“A cheap and illogical effusion” and “cheeky suggestion” from the American President

Captain Austin Longland was on his way home to Radley for a spell on leave. The SS Kashmir was a P&O cargo ship which had been requisitioned to carry troops.

Jan 25th ’17

P&OSNCo
SS Kashmir

Another note to show you that I am comfortably settled, with far better accommodation than the Atlantic Transport Line gave me on my outward journey – but a fat old doctor in my cabin who looks as if he would snore. The 6 are all together on the boat, so I shall have their company for meals, tho’ their higher rank prevents me from sharing a cabin with any of them.

So, given a calm journey, we ought to have quite a nice trip, especially as I have still escaped any duties, and should now I think get right back without having to shepherd any men.

Each day this week I have taken a walk in the afternoon, and am getting to know the place a little. Should be able to how you round if ever we spend a winter in the South of France! Had hoped to get ashore for one or two small things, but once on board they won’t let us off again. If ever I come on leave again, by the way, I shall be wiser in many ways!

Marseilles is a very large place, without much character, lying at the head of the bay, its harbour guarded partly by a chain of islands where are German prisoners. ..

They would never give us any idea when we were likely to go, or I could at least have wired my address and got a letter from you. As it is there is probably one on the ship, and I shall have to travel in its company for a week or more before I see it. There may even be one or two fresh ones awaiting my return among all the relics of last year.

What a cheap and illogical effusion Wilson has put forward as his answer to our and the German terms, – with a cheeky suggestion that only such arrangements between the European powers can obtain as commend themselves to the USA.

ACL

Letter from Austin Longland of Radley (D/EX2564/1/8)

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The difference between fair terms & absolute surrender

The son of the vicar of Radley, Captain Austin Longland was serving in Salonika with the Wiltshire Regiment, where he struggled with the heat, but hoped the Germans were about to give in.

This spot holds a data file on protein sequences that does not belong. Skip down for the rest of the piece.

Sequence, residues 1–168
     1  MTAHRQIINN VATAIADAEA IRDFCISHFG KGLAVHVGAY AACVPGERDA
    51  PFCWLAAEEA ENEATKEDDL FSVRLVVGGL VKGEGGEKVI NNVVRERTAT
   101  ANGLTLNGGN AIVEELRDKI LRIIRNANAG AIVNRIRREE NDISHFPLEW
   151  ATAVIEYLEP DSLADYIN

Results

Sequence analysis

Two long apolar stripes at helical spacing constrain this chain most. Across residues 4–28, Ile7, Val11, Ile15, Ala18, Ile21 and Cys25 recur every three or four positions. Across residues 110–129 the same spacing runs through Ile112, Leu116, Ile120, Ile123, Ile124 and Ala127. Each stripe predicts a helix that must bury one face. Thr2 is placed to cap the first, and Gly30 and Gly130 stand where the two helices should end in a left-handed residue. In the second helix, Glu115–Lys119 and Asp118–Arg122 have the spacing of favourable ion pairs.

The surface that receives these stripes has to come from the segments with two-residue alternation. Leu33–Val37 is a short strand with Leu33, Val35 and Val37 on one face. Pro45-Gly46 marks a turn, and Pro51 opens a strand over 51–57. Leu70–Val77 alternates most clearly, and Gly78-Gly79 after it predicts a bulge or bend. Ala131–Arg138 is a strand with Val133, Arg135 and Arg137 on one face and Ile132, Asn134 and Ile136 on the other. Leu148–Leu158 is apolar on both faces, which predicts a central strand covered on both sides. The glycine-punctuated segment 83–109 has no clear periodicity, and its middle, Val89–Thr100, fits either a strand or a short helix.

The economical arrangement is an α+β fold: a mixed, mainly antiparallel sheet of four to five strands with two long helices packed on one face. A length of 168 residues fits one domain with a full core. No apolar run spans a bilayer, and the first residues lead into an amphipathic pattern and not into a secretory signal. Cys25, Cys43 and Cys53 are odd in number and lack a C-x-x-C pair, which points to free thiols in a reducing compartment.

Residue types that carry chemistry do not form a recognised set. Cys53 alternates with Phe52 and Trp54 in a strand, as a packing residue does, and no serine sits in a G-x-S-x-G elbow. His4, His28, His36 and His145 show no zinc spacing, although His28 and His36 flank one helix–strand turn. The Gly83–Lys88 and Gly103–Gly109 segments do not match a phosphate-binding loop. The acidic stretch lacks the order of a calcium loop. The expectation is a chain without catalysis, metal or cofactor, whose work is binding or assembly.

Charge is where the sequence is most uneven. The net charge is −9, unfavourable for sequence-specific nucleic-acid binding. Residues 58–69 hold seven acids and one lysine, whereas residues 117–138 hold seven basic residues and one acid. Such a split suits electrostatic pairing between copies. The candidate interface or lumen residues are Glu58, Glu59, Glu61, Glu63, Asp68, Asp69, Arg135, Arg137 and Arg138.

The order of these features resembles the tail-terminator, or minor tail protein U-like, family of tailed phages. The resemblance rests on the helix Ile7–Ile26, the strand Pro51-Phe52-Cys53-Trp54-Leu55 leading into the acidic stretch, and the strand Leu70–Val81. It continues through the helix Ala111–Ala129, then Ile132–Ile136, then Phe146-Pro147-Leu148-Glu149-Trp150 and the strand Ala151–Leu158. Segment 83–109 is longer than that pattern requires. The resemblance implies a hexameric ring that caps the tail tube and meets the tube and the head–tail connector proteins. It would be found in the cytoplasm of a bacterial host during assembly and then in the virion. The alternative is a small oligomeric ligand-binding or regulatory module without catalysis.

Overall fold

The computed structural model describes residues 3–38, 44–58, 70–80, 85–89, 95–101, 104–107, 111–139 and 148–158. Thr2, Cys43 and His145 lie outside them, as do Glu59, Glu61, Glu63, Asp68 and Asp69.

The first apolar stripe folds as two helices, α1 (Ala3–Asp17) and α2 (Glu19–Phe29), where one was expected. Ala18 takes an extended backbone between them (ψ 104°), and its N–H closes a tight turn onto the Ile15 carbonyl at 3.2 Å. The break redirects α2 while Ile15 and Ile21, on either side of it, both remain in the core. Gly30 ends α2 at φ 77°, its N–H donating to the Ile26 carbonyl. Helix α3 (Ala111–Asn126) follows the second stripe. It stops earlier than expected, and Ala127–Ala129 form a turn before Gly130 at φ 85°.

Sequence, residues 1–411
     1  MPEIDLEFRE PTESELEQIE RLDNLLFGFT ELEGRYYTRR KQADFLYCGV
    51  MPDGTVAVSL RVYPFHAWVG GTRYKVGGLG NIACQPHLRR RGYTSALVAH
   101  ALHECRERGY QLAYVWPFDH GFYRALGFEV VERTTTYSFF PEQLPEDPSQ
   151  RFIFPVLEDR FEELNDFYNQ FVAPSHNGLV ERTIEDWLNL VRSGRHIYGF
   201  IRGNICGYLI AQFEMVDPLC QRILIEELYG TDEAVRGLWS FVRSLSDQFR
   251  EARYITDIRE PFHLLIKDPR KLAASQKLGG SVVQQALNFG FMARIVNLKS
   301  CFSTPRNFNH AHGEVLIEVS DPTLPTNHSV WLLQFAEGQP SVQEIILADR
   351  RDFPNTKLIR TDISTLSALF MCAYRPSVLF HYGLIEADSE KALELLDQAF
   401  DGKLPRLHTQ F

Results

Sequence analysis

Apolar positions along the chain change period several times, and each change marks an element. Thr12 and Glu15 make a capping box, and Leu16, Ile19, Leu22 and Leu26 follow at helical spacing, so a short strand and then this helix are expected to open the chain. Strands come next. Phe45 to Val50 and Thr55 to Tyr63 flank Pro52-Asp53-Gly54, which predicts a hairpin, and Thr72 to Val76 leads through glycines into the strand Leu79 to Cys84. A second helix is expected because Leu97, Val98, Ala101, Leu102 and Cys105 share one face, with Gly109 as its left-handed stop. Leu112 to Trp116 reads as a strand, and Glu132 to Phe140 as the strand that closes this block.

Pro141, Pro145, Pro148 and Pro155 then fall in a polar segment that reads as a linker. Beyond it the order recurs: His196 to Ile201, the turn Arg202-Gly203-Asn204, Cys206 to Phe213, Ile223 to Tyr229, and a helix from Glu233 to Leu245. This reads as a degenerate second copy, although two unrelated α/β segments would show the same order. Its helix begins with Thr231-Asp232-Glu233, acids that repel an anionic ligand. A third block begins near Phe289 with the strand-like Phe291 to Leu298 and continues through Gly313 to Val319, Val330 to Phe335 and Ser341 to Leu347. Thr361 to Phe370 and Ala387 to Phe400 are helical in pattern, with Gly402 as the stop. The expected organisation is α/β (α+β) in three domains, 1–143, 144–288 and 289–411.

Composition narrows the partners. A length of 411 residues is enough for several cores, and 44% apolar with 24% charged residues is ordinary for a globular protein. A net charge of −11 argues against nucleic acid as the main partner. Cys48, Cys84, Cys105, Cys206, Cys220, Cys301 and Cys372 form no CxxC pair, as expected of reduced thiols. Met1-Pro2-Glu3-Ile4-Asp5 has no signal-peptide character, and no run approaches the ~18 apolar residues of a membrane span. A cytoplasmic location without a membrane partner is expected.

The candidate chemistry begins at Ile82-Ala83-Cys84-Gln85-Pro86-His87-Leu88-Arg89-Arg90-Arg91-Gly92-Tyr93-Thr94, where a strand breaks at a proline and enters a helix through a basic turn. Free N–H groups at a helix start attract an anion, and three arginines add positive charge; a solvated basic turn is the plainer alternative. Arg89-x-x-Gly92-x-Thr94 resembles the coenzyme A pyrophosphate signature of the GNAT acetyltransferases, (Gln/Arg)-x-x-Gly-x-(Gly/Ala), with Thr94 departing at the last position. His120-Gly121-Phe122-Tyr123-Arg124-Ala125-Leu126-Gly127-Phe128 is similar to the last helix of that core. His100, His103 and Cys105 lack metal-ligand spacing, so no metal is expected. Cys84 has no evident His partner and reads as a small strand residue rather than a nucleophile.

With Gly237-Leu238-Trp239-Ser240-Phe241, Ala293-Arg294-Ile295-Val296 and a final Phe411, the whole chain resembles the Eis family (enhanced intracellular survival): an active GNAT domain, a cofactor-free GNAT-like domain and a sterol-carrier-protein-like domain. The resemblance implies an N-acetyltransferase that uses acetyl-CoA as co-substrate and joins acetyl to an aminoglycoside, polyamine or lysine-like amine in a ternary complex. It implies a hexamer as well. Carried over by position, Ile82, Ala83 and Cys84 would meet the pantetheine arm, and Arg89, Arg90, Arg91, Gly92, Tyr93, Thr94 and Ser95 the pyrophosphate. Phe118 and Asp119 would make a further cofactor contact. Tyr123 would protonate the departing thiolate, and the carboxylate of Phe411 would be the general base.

Thursday July 6th [1916]

Temperature in here continues at 95-105 degrees I’m told by the doctor. Also I’ve just had my 2nd dose of typhoid & perityphoid inoculations & have a day off duty in consequence. Twice clouds have gathered, & once we had a violent storm of thunder & lightning but never a drop of rain. Needless to say all beauty’s gone. The sun glares down, trying the eyes, and our view of the town is blurred by a continuous cloud of fine grey dust. I have told you that from the sea up to the hills the ground rises steadily till the last steep ascent, & we’re therefore, tho’ considerably below the level of the actual hills, some height above the town which is about 5 miles away. We are to the left of the road this time, but we can see the sites of our 2 early camps and get a rather different view of the town & the citadel. You remember the shock I had on returning our bivouacs last Sunday fortnight & finding them gone and all my kit packed. My first idea then was that we were going forward – first stop Nish or Sofia, but when it was known that we were to march back over the hills no one knew what to expect.

The men were more cheerful than I’ve seen them in this country – all firmly persuaded that they were going back to France – an opinion which I hadn’t the heart to discourage, but did not hold myself.
Since then nothing has happened. From about 6 to 6.45 each day in the morning the battalion does its old physical drill, & parade which the officers, except Waylen who takes it, do not attend, going out instead to study tactics with the NCOs, each company by itself. This lasts 6 till 9. Three days a week we go a route march from 5-8 a.m. In the evening we parade from 5.45 till 6.15. doing physical exercises gain, officers & all – & that is the day. The NCOs class was ordered by the Brigade & is most useful – tho’ of course it’s what we ought to have done at Marlboro’. So from 9 till 5.45 every day & from 6.30 onwards we have nothing to do except sit in our hut.

Wood as usual is scarce, so there’s not chance to make a chair. At present I am seated on 2 sand-bags, which raises one off the ground a bit. We have a hut for a common room, but tho’ it has forms and a table, it’s very hot & full of flies. Here the flies grew so unbearable that I ordered yards of muslin from the town & with its aid we ae at last at peace. We feed in a hut off a sand bag table & seated on sand bag seats. I’ve just been busy trying to make that fly-proof – harder but even more necessary. If you sit still for a moment you can always count over 50 on the plate in front of you.